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COMMONWEALTH PENNSYLVANIA v. JAMES SCHWARZMAN (03/23/84)

SUPERIOR COURT OF PENNSYLVANIA


filed: March 23, 1984.

COMMONWEALTH OF PENNSYLVANIA
v.
JAMES SCHWARZMAN, APPELLANT

No. 1137 Phila., 1982, Appeal from the Judgment of Sentence of March 15, 1982 in the Court of Common Pleas of Delaware County, Criminal Division, at No. 55560-80.

COUNSEL

Frank J. Marcone, Media, for appellant.

Helen T. Kane, Assistant District Attorney, Media, for Commonwealth, appellee.

Montemuro, Watkins and Cercone, JJ.

Author: Watkins

[ 326 Pa. Super. Page 123]

This appeal comes to us from the Court of Common Pleas of Delaware County and involves defendant-appellant's appeal from a judgment of sentence of six to twenty-three (6 to 23) months in prison after he was convicted, non-jury, of simple assault, aggravated assault and possessing an instrument of crime.

The defendant was convicted on December 17, 1981. He filed a motion in arrest of judgment challenging the sufficiency of the evidence on December 23, 1981. On February 1, 1982, the court advised defendant's counsel that it did not intend to have the trial testimony transcribed for purposes of briefing post-trial motions and set February 10, 1982 as the date when defendant's brief was to be submitted. On February 18, 1982 defendant's counsel advised the court that he was unable to prepare a brief without the notes of testimony. The court advised defendant's counsel that it saw no need for transcribed testimony in order to have the brief prepared and reminded counsel to submit the brief. No brief was ever submitted and on March 4, 1982 the court dismissed defendant's motion in arrest of judgment. Defendant was sentenced on March 15, 1982. He now appeals from that judgment of sentence.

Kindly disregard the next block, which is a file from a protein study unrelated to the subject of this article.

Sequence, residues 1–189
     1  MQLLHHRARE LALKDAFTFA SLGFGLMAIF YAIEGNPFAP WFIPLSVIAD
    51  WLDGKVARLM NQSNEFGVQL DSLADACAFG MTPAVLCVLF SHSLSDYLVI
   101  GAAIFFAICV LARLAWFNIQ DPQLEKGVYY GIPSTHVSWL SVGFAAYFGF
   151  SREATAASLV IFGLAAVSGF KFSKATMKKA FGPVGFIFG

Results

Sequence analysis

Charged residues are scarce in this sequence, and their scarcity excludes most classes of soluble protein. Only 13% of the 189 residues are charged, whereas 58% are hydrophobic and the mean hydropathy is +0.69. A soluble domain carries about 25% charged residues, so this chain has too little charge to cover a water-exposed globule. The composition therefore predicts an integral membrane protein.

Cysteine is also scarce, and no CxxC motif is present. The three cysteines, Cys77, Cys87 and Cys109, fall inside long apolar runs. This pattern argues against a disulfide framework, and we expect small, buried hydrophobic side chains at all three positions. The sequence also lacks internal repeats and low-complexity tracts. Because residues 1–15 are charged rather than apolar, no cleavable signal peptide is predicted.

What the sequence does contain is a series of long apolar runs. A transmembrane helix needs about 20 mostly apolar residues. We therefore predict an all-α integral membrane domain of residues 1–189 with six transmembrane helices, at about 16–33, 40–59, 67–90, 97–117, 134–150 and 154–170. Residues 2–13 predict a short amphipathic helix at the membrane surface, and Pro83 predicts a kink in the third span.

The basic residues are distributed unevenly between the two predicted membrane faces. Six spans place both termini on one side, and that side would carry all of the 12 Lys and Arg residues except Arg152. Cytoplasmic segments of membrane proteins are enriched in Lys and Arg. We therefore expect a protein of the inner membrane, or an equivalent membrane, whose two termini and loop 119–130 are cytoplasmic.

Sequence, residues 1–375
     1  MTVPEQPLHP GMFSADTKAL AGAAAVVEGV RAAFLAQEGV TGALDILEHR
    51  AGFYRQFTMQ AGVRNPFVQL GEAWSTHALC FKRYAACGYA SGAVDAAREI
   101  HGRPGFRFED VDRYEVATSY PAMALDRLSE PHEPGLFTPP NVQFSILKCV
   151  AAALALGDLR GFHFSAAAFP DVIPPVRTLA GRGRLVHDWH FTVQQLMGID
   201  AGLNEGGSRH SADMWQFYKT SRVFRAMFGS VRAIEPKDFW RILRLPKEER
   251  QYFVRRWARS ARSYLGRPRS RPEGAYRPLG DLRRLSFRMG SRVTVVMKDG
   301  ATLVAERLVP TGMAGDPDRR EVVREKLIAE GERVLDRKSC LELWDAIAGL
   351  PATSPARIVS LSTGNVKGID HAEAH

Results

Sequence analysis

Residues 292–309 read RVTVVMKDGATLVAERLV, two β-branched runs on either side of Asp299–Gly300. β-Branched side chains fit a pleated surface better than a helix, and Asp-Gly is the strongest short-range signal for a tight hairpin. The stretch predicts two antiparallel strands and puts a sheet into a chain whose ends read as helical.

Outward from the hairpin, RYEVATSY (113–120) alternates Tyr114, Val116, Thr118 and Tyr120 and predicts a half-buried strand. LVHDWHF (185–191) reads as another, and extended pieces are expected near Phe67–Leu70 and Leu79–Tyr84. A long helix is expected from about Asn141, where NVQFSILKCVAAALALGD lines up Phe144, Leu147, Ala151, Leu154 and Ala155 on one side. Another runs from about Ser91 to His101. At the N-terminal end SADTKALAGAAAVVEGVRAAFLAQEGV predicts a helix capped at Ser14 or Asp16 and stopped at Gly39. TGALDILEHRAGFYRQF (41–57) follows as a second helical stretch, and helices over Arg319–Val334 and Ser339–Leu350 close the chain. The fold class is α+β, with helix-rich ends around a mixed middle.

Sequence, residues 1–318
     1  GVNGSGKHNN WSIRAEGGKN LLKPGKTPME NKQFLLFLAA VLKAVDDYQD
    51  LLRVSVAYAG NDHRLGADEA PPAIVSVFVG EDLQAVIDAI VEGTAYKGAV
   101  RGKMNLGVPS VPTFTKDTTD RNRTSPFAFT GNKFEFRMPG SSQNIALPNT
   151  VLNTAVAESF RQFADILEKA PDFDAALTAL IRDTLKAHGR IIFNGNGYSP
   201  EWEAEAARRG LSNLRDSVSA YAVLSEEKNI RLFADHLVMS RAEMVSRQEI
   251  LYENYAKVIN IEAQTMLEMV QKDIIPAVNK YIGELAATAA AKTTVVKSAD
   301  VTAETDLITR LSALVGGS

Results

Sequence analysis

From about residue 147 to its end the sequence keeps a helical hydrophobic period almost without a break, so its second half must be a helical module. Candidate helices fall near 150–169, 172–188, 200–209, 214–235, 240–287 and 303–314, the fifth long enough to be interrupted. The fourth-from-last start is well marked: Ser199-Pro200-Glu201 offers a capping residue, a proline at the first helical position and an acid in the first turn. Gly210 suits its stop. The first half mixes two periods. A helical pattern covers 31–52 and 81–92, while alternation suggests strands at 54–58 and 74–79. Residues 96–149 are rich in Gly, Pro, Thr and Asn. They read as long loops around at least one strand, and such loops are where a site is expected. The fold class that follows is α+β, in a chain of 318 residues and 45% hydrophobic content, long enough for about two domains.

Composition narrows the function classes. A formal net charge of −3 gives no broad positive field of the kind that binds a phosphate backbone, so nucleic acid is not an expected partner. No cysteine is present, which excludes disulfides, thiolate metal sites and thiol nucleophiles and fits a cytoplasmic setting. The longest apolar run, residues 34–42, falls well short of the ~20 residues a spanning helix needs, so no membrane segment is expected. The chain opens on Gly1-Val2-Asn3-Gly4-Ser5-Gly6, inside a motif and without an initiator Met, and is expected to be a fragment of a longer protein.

The court below took the position that defendant waived the issues raised in his motion in arrest of judgment by failing to file a brief in support thereof. The issues raised in said motion were that the evidence produced at trial was insufficient to sustain the conviction and that the verdict was against the weight of the evidence.